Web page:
Today’s guest post is brought to us by Allison Duncan aka @svallie. You can find her blog at http://allisondduncan.com/ where she… Well, we’ll let her tell you. Today she let’s us know how to improve our author blogs and truthfully, even if you’re not an author, if you have a blog there some good advice here.
There are so many more ways to use an author blog than as an advertisement sheet. However, I only have 1,000 words. So the real question is, are you doing what it takes to get the most from your author blog as you are currently using it?
Here are ten easy things you can do to boost your author blog ranking and widen your audience reach:
No, I don’t mean up your fiber intake. What I mean is: have a schedule and stick to it. Do not just update your author page every six months. Worse still, do not just update your author page when you are about to drop fifteen episodes of your latest, podcast novel. Spurts will turn fans off instead of drawing them in as regular readers.
Update your page once a week. This is what the latest algorithms with Google require in order to count your blog as relevant. You will get a spike in traffic just by having something to say.
Submit your feed
Go ahead and submit your site’s feed to an author site. One of my preferred is the Book Blogs Ning site. You can get many people [that actively review books] viewing each post. Moreover, the more regularly you post, the more likely they are to actually check you out.
Post like you write
A lot of authors like to put up extremely light posts. “About to post to Amazon, will let you know more.”
Some of them are full of misspellings and bad grammar. Remember that your writing style on your blog is assumed to reflect how it is in your published work. Keep your style snappy and smooth so that you draw people in.
Facebook has an app called Networked Blogs. Like the Book Blogs site, Networked blogs pulls your feed and includes a thumbnail of your site. The feed is public even if you keep your Facebook profile private, so it is an excellent respecter of privacy. Some of my highest inbound traffic comes from this app, so don’t underestimate its power.
If you have an ISBN you are probably listed on GoodReads.com. If you cannot already find yourself or your book, you can always join their Author Program. This means you can post your GoodReads badge on your site allowing visitors to click through to your book. After logging in to the site, they then can rate and review your work.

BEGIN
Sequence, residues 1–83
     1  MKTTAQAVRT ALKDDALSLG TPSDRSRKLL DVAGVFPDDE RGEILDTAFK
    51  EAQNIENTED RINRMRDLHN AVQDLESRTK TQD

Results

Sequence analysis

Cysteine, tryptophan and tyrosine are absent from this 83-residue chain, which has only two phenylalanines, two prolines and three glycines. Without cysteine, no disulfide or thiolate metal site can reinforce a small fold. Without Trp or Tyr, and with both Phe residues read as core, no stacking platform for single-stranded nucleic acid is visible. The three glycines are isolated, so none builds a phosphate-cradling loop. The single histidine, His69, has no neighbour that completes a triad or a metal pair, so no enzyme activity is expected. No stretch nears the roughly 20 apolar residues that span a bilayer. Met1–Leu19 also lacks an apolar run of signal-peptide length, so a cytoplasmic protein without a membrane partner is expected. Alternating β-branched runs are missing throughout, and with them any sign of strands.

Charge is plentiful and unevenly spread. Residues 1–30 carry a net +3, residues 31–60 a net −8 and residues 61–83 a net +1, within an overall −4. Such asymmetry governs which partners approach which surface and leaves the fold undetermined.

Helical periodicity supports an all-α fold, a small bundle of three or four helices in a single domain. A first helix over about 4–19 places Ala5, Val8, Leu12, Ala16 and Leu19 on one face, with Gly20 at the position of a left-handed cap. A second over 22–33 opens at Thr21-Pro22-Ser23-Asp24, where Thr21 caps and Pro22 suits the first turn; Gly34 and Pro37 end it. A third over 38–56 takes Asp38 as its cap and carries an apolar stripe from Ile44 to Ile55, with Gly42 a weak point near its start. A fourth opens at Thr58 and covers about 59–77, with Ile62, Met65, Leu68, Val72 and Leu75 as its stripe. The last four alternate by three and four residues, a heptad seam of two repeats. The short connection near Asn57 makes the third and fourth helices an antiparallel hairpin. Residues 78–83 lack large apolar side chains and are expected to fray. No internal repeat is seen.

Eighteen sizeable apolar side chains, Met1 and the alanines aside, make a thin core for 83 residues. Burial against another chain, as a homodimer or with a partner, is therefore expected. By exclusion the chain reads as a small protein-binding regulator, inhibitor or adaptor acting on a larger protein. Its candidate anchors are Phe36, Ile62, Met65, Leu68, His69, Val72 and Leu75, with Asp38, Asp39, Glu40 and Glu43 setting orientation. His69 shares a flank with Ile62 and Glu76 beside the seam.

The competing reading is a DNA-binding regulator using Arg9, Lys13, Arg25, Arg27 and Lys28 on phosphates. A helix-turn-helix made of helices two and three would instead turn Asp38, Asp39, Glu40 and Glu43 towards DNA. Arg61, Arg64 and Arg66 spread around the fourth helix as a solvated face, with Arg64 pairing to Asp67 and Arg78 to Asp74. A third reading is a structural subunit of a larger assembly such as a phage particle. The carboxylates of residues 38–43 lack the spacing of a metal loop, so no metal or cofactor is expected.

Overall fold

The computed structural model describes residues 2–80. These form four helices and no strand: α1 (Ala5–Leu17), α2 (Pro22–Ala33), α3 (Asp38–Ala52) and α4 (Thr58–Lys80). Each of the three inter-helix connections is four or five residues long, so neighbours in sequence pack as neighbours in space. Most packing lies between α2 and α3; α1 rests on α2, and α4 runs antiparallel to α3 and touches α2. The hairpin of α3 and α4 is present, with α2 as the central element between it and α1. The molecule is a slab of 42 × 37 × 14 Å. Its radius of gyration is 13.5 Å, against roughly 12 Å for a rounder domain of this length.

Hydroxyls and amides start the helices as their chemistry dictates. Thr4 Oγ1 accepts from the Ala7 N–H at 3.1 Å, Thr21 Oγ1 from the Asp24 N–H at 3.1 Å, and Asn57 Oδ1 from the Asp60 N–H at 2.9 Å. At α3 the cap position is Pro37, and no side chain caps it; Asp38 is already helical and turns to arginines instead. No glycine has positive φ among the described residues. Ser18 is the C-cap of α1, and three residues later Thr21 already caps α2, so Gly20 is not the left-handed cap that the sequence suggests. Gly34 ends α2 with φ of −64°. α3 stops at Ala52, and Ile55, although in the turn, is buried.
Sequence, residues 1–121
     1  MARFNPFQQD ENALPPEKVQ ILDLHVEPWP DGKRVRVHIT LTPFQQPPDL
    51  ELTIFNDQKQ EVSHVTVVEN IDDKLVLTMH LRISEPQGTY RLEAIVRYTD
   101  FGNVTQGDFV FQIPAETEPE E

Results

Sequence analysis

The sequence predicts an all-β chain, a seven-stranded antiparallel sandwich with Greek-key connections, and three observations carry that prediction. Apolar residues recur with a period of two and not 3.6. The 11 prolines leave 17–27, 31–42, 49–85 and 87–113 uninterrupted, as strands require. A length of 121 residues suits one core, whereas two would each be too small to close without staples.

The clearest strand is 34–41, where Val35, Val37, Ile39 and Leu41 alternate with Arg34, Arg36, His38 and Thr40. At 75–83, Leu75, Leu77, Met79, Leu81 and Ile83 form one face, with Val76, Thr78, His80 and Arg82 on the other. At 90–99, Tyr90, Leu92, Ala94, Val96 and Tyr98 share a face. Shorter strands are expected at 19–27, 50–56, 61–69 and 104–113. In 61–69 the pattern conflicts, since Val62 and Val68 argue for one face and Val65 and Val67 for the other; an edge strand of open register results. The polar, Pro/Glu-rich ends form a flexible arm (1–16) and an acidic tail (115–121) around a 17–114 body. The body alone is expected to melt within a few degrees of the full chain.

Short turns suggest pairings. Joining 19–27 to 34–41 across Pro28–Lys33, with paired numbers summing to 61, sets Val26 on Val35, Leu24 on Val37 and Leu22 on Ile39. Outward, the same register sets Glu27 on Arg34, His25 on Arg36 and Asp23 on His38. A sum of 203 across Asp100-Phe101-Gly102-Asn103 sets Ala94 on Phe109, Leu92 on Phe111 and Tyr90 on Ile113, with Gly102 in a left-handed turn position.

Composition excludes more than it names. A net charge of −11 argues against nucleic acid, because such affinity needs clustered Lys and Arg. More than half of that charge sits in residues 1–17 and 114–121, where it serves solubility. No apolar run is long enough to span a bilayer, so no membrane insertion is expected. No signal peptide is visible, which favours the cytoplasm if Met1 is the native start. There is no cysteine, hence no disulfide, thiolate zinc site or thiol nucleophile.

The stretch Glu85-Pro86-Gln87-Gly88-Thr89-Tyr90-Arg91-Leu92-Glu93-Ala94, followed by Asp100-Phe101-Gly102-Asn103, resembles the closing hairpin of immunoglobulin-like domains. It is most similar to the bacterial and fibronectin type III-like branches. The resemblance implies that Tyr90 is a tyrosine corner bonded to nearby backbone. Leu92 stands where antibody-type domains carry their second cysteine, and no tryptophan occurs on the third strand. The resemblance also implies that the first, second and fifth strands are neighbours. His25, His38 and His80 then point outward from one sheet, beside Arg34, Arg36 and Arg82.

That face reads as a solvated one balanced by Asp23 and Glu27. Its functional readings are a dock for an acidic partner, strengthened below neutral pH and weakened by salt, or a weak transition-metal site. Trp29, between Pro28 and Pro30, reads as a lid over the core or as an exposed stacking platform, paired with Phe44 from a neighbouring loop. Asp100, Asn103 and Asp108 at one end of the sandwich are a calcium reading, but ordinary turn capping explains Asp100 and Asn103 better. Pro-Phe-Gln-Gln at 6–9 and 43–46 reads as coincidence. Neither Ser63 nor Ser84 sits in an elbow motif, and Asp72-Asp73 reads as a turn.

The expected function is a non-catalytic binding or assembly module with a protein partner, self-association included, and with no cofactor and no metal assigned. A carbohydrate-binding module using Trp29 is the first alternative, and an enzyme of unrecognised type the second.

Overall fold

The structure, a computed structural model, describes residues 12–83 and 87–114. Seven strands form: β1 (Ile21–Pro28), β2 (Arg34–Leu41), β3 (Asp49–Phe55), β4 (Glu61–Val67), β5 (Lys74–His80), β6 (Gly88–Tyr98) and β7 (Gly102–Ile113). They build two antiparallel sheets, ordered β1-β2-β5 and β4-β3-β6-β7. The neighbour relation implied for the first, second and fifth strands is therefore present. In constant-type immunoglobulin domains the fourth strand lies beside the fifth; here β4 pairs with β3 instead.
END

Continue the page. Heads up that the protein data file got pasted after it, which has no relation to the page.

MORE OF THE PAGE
If you are already on GoodReads, you can configure this plugin to post reviews from GoodReads to your page.
Use the best words to describe who and what you are in each post. For example, I would describe myself as a WordPress [ding] consultant [ding] with a tech [ding] blog [ding] full of reviews [ding] and how-to’s [ding]. Total? Six keywords and every single one of them is accurate.
If your blog is about you, then you need to concentrate on filling your ‘About’ page with similar keywords. If your posts are about your Smashwords published works, then use the appropriate keywords for those.
Stick with the top five or six words that best describe what you are trying to convey in that post or page. As a final touch, make sure to use appropriate links to related posts on your site as well as similar sites.
Twitter Hash tags
Many writers use a plugin on WordPress sites that auto tweet a new blog URL. Most of them don’t bother to put in hash tags for that Tweet. The hash tags on twitter are similar to the keywords you need for the search engines.
If I run a search for “#Ebook” on Twitter, the last post you put up about publishing your wonderful e-book should be in that search listing.
Dressage for your site
Sites without can take a hit on their score simply because they are missing these things. Do yourself a favor and install the Core Tweaks WordPress plugin if you have a WordPress site. It will help walk you through creating all these pages. NOTE: You need to deactivate any other plugins before you activate the Core Tweaks plugin. Reactivate the others once Core Tweaks has finished running.
This is a no brainer to most of us. I mean we all put up Facebook and Twitter buttons, right? Well if that is all you are doing, then you are losing a huge swath of your potential fans. Create a ‘Contact’ page on your site or blog so that they never have to guess how to go about getting a hold of you.
Some of the newer WordPress themes have a script that will automatically install a form in the Contact page. While this is handy for a less tech-enabled author, the truth is that an email address is utilized more than an in-page form. So provide both and then TEST to make sure the emails come to you.
Like the other pages I listed above, a contact page is checked for by Google and other search engines. If you fail to supply one, you are simply giving away free points.
There are quite a few free directories on the internet that will propagate your links. These cross-links add a lot of weight to your site. I suggest using the OneWayTextLink.com site.
It is free to register and has a tool that lets you track which directories you have submitted to as well as the date you submitted.
Remember, nothing can replace hard work. But if you start with a good base and use the right tools, you can avoid re-inventing the wheel.